Wednesday, 19 March 2014

A wide variety of entertaining readings

Leeds Writers Read
17 March 2014, 7pm Headingley Library

Vince Mihill writes:
Terry Buchan
On Monday evening, Terry Buchan, a local writer, staged an introduction to the Headingley LitFest by giving up and coming writers a chance to perform their works to an audience. These could be either short stories, poems, whatever, on the theme of surviving. Headingley is a unique place in that it's composed of students, ex-Uni people, bohemians and other writers, and outsiders -  in short, it's an interesting place full of intelligent alternative well read persons. There were many differing perspectives proffered on the survival subject.

First tonight was Peter Richardson who provided a six minute short story centring on a young African asylum seeker and her struggles.  It was delivered poignantly.  Steve Hobbs delivered a monologue on an injured soldier and read a poem based on his father's experience. He had a few fans in the audience which helped settle any nerves. Next was Vince Mihill, an aspiring noir writer, erudite and youngish in outlook, influenced by Jake Arnott and Cathy Unsworth. Despite not living in the Smoke he's influenced by the grit and grime of the Smoke and inner city urban decay. The audience were surprised by his unusual oeuvre.

Emma Parkin has been writing children's stories for a while now. She has a bubbly effervescent character tonight channelled into poems - very funny and off the cuff with a very different delivery which I liked.

Terry Buchan and and Ann Clarke read pieces for two voices: a (fictional) anti-poet rant by George Orwell and a poem on surviving celebrity.

Linda Casper's (from the East Leeds writers' group) contribution centred on an essay about the Yiddish language and its history. This was fascinating I thought as I knew little about the subject. I think it contrasted well with the other pieces and was well received by the audience - a mix of the local Headingley literati and book fans.

Marg Greenwood is a member of the Swarthmore drama group and has a unique take on life influenced by Python and obscurantism. She presented a collection of stories, trips to the isle of Muck and some almost haiku-like poems re. onions. Linda Fulton was last on. She delivered an extract from her searing account of the miners' strike in 1984. It was heartfelt, delivered confidently. It had echoes of the First World War and the Battle of Bosworth in it.  Linda has a great voice too which seemed to reach out to the audience.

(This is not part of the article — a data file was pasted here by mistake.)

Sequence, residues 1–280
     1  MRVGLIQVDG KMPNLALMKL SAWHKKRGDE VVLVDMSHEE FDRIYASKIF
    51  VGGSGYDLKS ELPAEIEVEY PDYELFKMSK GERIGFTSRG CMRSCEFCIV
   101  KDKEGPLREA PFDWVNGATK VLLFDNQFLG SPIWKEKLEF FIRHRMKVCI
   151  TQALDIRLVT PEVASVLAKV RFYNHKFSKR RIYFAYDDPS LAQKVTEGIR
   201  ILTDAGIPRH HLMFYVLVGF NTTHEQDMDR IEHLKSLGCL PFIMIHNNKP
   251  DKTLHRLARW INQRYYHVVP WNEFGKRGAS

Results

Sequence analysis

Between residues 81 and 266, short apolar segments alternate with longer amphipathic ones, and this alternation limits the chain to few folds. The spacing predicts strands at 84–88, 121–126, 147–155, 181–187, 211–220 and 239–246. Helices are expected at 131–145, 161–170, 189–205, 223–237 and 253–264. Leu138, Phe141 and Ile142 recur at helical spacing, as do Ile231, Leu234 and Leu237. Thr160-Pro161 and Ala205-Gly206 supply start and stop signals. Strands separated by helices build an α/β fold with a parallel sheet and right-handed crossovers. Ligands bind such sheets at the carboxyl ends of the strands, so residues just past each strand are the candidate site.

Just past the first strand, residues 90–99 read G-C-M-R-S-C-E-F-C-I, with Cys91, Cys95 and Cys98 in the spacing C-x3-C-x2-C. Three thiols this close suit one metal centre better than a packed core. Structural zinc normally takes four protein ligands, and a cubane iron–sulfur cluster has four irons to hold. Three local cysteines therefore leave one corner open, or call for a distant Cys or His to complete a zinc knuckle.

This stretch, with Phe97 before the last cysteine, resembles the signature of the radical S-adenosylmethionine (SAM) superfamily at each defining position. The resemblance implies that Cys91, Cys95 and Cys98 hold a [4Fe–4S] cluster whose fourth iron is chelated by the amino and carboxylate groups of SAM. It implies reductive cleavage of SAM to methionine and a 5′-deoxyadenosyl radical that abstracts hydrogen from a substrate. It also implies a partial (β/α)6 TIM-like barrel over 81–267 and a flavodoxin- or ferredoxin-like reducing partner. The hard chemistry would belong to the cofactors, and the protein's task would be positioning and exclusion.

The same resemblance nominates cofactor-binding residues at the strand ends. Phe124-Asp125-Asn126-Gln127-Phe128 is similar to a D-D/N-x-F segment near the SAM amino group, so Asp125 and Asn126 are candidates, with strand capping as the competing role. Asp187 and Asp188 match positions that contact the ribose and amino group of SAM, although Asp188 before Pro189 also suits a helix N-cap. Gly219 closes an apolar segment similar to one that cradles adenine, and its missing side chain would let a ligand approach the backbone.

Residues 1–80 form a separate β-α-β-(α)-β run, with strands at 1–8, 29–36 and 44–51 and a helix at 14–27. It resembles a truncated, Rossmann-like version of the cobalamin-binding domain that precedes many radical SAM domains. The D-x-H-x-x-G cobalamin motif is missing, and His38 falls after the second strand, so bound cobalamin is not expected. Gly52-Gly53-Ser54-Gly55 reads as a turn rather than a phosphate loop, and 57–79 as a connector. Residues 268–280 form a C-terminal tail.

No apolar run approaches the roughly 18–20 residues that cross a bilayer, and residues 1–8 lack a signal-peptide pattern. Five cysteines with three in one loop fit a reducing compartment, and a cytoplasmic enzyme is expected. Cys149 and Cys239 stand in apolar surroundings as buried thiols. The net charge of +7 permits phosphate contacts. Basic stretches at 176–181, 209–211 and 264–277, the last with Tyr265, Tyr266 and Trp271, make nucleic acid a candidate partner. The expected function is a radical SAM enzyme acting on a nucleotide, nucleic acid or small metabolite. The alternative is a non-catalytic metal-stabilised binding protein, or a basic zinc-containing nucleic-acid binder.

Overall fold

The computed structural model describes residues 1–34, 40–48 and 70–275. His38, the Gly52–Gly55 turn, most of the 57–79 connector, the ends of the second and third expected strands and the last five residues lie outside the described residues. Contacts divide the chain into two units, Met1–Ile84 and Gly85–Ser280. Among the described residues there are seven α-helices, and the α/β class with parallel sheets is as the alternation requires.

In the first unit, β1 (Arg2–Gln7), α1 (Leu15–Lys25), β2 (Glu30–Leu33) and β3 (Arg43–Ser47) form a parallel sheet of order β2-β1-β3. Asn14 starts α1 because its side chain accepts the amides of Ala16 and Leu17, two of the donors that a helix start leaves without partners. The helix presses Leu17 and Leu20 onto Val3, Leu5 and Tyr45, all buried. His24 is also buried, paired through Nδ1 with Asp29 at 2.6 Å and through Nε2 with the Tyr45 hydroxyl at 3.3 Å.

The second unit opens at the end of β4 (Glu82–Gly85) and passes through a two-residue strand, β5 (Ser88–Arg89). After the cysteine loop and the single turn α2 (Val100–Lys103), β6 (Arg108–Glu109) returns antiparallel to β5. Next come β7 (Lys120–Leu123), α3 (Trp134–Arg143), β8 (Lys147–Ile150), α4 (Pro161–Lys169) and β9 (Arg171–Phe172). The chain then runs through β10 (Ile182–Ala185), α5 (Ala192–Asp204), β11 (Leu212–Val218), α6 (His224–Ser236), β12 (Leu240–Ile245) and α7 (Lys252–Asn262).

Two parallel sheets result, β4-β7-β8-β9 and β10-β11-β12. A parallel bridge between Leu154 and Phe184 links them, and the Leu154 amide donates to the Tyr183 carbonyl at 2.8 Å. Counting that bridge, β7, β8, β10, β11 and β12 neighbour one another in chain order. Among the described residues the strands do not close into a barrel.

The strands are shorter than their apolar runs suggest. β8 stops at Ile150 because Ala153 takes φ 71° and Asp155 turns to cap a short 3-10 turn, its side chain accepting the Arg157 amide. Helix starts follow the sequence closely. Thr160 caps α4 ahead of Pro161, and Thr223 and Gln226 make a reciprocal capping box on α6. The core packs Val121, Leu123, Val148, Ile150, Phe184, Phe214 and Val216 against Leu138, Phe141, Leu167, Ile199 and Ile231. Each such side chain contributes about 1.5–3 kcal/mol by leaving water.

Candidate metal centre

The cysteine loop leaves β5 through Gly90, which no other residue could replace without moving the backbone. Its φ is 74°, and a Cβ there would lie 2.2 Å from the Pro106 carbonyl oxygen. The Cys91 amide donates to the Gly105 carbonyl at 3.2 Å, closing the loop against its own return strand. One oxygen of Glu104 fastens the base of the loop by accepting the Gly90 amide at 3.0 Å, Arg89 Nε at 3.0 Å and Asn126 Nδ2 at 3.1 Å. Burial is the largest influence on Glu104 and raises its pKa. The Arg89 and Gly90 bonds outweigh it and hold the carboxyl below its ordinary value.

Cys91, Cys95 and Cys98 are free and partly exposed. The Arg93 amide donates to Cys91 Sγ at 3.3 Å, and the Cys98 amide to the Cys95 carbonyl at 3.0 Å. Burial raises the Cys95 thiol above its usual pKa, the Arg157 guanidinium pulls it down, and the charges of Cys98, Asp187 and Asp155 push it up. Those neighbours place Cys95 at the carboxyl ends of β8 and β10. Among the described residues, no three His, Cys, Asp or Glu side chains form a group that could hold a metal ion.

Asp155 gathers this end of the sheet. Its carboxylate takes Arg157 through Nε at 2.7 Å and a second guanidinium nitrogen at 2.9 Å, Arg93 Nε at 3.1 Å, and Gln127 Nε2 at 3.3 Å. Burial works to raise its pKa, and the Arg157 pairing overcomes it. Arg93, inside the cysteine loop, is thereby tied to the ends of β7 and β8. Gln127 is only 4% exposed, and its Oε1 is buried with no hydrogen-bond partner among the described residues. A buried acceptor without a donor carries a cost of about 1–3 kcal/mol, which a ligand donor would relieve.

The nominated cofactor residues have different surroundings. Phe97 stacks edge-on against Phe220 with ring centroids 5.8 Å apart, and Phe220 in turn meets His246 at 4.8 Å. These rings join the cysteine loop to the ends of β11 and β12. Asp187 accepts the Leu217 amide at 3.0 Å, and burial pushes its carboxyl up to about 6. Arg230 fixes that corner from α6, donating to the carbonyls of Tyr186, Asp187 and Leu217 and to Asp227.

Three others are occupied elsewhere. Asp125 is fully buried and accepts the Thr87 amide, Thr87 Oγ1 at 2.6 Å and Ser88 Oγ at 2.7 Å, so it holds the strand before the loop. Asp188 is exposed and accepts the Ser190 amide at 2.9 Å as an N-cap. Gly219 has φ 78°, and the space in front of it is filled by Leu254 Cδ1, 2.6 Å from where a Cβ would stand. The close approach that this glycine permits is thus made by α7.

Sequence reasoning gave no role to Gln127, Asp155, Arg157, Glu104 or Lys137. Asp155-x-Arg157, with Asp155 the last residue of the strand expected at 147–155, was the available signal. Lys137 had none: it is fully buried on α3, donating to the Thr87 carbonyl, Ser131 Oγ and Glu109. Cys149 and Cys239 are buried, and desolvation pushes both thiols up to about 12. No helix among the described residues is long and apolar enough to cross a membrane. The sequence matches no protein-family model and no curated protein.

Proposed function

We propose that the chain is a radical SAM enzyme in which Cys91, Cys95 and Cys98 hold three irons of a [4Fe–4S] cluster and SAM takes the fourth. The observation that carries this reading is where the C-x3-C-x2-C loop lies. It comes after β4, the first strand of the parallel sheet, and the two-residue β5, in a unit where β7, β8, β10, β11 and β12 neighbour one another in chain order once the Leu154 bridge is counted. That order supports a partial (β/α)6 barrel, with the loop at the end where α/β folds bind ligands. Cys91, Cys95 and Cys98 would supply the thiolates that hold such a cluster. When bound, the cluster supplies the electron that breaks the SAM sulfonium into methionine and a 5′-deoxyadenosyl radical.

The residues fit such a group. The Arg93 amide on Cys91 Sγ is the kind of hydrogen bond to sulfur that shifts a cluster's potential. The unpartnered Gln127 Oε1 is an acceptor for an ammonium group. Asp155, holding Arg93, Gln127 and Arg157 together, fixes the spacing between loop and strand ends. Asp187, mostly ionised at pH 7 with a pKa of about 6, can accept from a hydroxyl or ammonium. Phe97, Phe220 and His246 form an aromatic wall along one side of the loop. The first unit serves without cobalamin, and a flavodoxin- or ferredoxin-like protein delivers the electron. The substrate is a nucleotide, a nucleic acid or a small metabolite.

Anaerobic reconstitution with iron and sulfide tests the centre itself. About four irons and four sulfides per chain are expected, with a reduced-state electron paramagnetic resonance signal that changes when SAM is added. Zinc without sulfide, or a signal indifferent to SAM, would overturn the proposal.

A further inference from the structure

After a break where wine and cranberry juice were served, an open mic session commenced. There were a few people from the Leeds erstwhile Borders group including anarchist fantasy writer Nancy Pike. Nancy wrote a kind of street blog influenced by the Streets and Lily Allen, an observation about the cluttered chaos of Leeds street life. The piece had a lot of energy, nay, chutzpah about it.

Next there was Gurj Kang who wrote quite a lengthy statement on life as a singleton. He imbued it with many influences especially popular culture which worked well and was reminiscent of American Psycho in places. My only criticism was that it was a tad too long. After this, Doug Sandle read about his experience with a personality reading machine at a sea-side amusement arcade, and finally Ann Clarke read an interesting piece about growing up in Leeds in the fifties.

So an admirable evening and I thought Terry handled it very efficiently. Leeds Library was a bit cramped but friendly and welcoming.

Audience comments: 

1.     Really good – great to hear such a variety of pieces from local writers. Headingley (and) Leeds has talent.  
2.     Good event. Great variety.  
3.     Such a variety of themes & ideas. Liked Emma’s humour & lightness and very impressed by Marge and Linda(2) on miners and Gurj’s  reading. Very enjoyable evening and entertaining.  
4.     A very pleasant evening with a wide variety of entertaining readings.  
5.     Good venue and thanks LitFest for hosting. The range of pieces came together into a reasonably varied format, mostly by chance!
6.     Loved listening to the variety and range of pieces.  
7.     Thank you. Great to hear the wide range of readings.
8.     Good mixture of styles – should be more events like this.
9.     A great opportunity to listen to a variety of styles and a wealth of local talent. Big thanks for organizing the event.
10.  A really enjoyable event great to hear such a range of voices, subjects, styles.
11.  Very good! Great variety J
12.  It was an exceptionally ground breaking event. Vince Milhill caught my eye – stylish, witty and oblique

13.  I found the poetry evening very interesting, I thought the poetry on Yiddish has particularly interesting as I am Jewish and I know the person who read it, Linda Casper.  

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